© 2021 St. Louis Public Radio
Play Live Radio
Next Up:
0:00
0:00
Available On Air Stations
Health, Science, Environment

Wildwood unhappy with EPA effort to delist Superfund site

The location of the Ellisville Superfund site. The Callahan Subsite is a section of the Ellisville site as a whole.
Screen capture | EPA.gov
/
The location of the Ellisville Superfund site. The Callahan Subsite is a section of the Ellisville site as a whole.

The Environmental Protection Agency has again attempted to assure the city of Wildwood that a former toxic dumping site is now safe. However, local officials are still not convinced. 

Decades ago, waste hauler Russell Bliss dumped industrial waste on Callahan Subsite, a section of the larger Ellisville Superfund site. In 2012, the EPA excavated a large amount of dioxins and other hazardous waste from the site and the agency has since been preparing to remove it from the federal Superfund program, which pays to clean up hazardous waste sites. 

In May, Wildwood officials wrote to the EPA to ask for more thorough testing of the site, for warning signs around the area and other cautionary measures. In a June 6 letter to Wildwood residents, David Williams, chief of the Planning and Preparedness Section of the Superfund Division, explained that the city's recommendations are unnecessary.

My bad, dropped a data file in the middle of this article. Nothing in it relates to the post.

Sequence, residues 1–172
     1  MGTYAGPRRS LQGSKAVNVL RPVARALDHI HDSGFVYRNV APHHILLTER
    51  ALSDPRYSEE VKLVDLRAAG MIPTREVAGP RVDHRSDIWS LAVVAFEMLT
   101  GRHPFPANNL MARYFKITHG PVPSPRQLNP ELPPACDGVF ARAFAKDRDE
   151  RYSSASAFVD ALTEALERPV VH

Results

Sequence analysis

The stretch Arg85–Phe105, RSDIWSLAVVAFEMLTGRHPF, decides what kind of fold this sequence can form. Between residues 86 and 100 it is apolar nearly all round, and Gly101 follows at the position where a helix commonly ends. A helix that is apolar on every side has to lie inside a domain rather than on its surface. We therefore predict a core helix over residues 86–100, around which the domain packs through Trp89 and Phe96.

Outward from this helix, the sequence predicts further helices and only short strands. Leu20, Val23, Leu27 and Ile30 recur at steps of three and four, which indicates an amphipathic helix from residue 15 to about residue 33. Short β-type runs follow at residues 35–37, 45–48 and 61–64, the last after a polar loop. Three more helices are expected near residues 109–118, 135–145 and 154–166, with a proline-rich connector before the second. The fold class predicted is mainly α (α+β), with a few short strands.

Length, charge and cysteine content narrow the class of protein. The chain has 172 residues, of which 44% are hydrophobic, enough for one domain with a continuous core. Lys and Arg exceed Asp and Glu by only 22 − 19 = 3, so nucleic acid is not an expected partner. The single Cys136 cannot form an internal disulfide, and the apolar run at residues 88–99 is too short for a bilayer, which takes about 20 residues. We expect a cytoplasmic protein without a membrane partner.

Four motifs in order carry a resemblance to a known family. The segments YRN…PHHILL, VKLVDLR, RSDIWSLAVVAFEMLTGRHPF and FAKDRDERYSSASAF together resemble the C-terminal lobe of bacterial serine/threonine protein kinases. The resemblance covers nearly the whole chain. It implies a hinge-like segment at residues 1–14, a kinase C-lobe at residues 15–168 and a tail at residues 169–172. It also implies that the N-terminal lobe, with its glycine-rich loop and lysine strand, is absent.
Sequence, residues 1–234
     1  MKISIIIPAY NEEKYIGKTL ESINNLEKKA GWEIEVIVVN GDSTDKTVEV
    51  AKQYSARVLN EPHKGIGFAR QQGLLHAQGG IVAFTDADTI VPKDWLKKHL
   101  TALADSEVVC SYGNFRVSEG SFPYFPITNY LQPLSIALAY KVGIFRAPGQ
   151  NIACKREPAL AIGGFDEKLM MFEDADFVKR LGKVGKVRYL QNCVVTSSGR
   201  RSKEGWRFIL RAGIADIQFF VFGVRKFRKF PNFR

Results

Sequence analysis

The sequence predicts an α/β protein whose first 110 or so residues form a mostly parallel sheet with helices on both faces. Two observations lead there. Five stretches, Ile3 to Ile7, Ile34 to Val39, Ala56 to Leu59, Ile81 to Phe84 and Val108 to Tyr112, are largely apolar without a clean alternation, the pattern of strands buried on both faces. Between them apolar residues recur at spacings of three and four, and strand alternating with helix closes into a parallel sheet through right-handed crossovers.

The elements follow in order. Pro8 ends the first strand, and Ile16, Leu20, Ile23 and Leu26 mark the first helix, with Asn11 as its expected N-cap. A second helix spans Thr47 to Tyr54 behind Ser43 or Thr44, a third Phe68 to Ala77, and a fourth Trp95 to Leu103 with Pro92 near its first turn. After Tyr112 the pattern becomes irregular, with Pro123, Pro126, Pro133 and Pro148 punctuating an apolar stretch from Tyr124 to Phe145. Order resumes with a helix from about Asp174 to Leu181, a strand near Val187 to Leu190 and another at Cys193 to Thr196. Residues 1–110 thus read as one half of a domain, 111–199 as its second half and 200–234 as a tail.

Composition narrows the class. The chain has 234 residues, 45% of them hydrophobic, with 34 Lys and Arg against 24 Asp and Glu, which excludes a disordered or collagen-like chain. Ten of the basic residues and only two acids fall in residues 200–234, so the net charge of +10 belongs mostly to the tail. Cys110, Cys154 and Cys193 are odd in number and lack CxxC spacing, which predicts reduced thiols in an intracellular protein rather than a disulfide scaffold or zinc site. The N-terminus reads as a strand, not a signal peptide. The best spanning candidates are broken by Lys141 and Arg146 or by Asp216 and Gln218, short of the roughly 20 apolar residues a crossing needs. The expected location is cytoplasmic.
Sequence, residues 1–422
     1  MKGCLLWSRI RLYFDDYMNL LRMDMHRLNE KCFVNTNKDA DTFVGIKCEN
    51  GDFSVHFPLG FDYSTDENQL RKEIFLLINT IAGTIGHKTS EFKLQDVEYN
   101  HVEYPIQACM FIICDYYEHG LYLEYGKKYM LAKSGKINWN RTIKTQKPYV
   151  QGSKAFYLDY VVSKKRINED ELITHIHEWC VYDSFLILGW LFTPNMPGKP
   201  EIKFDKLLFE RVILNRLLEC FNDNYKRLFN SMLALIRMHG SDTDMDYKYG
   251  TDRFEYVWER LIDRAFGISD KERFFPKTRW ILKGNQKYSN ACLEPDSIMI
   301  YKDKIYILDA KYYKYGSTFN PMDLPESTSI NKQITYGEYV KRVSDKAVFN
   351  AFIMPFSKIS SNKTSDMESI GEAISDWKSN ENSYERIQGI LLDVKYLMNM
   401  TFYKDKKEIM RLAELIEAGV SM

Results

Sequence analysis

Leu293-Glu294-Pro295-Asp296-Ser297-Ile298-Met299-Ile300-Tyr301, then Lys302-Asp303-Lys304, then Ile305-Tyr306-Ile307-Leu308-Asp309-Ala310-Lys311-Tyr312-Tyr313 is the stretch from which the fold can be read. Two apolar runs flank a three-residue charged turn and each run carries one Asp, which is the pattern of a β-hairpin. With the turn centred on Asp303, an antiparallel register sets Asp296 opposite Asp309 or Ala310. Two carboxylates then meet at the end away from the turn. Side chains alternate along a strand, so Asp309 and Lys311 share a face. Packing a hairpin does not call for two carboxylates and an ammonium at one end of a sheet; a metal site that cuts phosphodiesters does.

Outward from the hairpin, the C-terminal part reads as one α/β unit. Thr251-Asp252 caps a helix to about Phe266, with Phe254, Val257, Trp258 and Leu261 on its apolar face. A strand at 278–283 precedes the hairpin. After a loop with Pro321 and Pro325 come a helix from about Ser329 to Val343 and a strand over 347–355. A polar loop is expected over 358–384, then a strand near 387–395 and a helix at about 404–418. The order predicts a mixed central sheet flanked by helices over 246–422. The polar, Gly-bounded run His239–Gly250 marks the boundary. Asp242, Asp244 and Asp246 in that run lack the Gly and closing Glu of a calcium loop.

Williams cited an evaluation that found that the Callahan property "no longer pose(s) unacceptable human health risks for any type of current or future exposure scenario." 

Nonetheless, Wildwood mayor Jim Bowlin doesn't think that the EPA has done enough to clean up the site. 

"If we think they're glossing over a problem that has the potential to affect human lives, we call that out," he said. 

Bowlin and other officials have requested a meeting with agency officials to discuss the issue.

"We're going to see if the EPA, at the minimum, wants to talk about it," he said. "I hope they are and we'll see what comes out of that. It's possible that the EPA may not de-list the site."

 

Send questions and comments about this story to feedback@stlpublicradio.org.